In the meantime, here's a really cool story from the New York Times about really, really lucky California graffiti artist who's ready to laugh all the way to the bank with Facebook's IPO. His name is David Choe and he painted the walls of Facebook’s offices in 2005. His payment? Facebook stock, which he felt was “ridiculous and pointless” at the time. So… How much is that going to be worth in the impending IPO?
In 2005, Mr. Choe was invited to paint murals on the walls of Facebook’s first offices in Palo Alto, Calif., by Sean Parker, then Facebook’s president. As pay, Mr. Parker offered Mr. Choe a choice between cash in the “thousands of dollars,” according to several people who know Mr. Choe, or stock then worth about the same.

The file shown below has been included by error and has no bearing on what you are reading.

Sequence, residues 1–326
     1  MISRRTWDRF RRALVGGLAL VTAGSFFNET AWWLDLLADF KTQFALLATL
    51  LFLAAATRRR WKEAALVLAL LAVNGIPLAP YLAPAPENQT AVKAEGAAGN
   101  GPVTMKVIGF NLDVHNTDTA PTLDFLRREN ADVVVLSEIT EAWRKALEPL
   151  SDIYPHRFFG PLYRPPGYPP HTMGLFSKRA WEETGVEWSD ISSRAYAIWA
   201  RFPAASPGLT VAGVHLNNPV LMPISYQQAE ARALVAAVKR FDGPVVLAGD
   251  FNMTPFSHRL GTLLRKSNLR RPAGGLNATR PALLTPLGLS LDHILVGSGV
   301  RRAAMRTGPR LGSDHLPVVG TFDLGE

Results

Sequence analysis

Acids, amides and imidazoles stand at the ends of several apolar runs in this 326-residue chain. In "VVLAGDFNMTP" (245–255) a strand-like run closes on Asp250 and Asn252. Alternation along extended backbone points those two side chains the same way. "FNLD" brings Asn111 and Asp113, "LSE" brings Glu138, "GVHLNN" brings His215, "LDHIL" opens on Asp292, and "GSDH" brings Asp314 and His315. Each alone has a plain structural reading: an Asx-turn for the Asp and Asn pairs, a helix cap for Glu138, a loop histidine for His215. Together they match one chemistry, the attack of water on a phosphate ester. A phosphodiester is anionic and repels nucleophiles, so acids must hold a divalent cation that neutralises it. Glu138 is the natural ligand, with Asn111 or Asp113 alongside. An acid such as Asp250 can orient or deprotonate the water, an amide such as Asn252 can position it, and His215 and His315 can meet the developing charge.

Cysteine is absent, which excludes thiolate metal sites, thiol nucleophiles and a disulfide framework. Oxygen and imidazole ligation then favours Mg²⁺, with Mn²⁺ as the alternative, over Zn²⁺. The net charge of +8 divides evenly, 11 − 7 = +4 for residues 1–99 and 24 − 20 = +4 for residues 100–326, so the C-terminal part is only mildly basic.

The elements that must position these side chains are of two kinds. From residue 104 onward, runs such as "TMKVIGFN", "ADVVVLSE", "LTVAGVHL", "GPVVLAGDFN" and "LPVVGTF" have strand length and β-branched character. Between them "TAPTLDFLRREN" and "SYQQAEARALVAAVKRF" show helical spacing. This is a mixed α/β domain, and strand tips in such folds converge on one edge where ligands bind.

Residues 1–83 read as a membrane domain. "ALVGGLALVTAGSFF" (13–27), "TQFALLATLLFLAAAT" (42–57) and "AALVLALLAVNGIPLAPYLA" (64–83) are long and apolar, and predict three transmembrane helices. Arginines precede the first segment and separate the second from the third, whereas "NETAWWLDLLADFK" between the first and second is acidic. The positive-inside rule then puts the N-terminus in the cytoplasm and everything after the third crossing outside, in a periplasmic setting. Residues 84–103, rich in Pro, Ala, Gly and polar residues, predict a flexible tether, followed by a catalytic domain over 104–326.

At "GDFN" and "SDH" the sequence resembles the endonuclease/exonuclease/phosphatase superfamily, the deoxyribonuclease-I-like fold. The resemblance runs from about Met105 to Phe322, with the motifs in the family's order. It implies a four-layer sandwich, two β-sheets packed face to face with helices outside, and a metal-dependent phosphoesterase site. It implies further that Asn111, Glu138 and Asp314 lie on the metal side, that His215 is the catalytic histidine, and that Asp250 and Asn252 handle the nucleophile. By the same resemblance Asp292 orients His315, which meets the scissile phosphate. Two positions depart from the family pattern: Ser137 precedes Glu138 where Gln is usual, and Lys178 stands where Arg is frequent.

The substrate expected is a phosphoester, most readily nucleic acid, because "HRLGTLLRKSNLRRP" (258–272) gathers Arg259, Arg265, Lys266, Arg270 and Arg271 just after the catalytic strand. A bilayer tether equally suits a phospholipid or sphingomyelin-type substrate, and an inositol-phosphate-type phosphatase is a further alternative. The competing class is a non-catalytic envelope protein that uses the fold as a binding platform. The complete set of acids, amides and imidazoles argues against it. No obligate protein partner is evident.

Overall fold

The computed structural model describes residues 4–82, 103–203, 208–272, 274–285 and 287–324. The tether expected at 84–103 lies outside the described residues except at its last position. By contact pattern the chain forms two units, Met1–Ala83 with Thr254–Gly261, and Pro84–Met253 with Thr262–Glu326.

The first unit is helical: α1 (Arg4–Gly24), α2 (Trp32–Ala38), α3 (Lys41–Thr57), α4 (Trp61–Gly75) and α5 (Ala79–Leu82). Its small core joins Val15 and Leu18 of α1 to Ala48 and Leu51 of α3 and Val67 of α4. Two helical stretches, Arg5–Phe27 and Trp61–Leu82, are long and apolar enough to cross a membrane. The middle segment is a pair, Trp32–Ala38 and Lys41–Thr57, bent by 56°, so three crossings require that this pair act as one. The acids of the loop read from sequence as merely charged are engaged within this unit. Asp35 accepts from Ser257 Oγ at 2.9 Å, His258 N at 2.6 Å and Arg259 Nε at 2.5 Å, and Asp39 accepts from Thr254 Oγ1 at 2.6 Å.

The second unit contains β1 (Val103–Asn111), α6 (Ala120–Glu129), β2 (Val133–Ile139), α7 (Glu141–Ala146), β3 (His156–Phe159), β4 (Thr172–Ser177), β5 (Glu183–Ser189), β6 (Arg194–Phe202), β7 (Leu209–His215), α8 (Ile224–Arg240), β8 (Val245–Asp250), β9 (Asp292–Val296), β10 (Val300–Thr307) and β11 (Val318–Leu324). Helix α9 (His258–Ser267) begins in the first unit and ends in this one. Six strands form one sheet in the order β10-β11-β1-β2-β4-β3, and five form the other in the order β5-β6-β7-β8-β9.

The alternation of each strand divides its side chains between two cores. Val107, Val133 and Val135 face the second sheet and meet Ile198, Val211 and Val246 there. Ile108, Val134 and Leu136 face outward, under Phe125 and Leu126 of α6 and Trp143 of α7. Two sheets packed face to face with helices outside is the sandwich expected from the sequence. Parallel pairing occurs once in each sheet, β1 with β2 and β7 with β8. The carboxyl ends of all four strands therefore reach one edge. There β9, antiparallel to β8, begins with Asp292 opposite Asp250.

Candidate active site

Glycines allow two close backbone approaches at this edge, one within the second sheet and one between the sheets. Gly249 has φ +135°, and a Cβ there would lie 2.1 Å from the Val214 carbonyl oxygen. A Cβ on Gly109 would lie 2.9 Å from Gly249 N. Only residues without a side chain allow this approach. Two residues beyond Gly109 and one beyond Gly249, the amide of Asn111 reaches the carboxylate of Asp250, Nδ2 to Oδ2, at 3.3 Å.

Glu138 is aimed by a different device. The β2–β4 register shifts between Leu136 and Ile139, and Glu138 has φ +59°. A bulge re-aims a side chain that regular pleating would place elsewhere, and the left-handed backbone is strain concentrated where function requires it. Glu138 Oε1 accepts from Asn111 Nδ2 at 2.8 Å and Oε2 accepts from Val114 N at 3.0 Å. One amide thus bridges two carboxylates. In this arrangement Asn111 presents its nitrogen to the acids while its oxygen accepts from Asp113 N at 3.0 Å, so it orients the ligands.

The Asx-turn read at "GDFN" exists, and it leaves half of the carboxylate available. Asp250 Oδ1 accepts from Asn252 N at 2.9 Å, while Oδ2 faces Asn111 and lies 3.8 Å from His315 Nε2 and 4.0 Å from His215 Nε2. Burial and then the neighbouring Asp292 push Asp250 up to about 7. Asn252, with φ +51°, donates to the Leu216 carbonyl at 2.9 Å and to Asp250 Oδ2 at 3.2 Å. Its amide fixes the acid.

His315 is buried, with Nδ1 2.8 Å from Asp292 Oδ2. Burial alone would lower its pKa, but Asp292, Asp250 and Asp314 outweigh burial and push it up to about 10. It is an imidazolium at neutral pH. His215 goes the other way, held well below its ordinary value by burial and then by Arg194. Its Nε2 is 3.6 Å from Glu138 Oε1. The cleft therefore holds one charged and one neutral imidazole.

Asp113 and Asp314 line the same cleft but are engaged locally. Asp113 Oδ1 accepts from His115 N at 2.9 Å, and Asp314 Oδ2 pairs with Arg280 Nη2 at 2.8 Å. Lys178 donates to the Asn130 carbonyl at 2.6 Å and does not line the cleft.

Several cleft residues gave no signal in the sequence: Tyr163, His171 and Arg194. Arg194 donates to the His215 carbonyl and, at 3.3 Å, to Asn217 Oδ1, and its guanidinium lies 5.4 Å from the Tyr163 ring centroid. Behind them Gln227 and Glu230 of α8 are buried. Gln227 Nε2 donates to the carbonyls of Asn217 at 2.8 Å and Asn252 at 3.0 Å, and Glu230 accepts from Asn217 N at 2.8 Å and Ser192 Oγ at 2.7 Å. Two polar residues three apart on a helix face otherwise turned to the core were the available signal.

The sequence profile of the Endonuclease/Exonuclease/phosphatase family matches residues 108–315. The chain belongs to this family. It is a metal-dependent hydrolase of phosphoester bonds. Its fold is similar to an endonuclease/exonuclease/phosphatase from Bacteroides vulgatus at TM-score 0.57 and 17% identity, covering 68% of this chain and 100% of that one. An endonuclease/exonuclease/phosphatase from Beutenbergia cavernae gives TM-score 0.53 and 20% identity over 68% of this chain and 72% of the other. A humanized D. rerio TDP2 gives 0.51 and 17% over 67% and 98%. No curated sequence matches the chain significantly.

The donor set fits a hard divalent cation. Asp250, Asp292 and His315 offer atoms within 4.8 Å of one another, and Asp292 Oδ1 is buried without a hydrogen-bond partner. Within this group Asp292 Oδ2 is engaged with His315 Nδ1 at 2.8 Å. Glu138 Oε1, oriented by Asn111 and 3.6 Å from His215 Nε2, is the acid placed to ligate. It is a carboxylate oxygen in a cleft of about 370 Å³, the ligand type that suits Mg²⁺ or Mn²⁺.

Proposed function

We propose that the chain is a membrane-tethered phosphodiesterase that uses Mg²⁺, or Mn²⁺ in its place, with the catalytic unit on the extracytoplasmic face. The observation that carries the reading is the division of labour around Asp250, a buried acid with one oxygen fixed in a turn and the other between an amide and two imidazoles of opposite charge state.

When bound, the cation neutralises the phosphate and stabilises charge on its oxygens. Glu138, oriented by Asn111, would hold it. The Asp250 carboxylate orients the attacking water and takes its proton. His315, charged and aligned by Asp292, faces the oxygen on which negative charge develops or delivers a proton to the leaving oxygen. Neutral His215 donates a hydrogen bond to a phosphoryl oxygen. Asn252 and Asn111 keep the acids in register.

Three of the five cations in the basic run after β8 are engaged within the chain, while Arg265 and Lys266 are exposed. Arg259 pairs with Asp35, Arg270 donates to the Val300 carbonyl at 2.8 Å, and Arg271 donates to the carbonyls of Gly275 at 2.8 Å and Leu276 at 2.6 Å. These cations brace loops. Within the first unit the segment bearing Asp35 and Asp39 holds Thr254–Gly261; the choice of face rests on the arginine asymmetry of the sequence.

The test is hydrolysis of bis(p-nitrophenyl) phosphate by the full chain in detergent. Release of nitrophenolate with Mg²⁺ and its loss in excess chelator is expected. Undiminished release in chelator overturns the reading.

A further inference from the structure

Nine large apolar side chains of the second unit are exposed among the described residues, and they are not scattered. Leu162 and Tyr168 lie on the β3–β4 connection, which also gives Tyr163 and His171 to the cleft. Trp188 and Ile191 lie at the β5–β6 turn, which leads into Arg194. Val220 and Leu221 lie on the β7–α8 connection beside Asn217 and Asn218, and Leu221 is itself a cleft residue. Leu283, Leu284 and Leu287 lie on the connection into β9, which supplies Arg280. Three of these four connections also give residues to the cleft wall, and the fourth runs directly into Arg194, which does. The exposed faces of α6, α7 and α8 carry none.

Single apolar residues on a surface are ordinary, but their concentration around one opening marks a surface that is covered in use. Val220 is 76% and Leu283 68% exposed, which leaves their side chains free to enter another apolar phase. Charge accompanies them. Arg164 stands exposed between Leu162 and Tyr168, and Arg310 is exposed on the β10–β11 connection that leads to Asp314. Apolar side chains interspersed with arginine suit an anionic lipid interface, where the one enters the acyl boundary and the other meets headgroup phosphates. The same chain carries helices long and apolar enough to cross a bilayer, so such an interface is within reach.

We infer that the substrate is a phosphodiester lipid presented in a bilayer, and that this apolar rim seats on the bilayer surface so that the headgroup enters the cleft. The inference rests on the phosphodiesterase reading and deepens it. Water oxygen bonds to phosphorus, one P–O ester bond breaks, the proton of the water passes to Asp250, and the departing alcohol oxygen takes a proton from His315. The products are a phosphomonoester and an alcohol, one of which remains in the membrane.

Mr. Choe, who has said that at the time that he thought the idea of Facebook was “ridiculous and pointless,” nevertheless chose the stock.
Many “advisers” to the company at that time, which is how Mr. Choe would have been classified, would have received about 0.1 to 0.25 percent of the company, according to a former Facebook employee. That may sound like a paltry amount, but a stake that size is worth hundreds of millions of dollars, based on a market value of $100 billion. Mr. Choe’s payment is valued at roughly $200 million, according to a number of people who know Mr. Choe and Facebook executives.
So, what's this $200 million masterpiece look like? Here's some photos of the Facebook office from 2007, via Laughing Squid:
Here's some of Choe's other work. It's pretty cool stuff.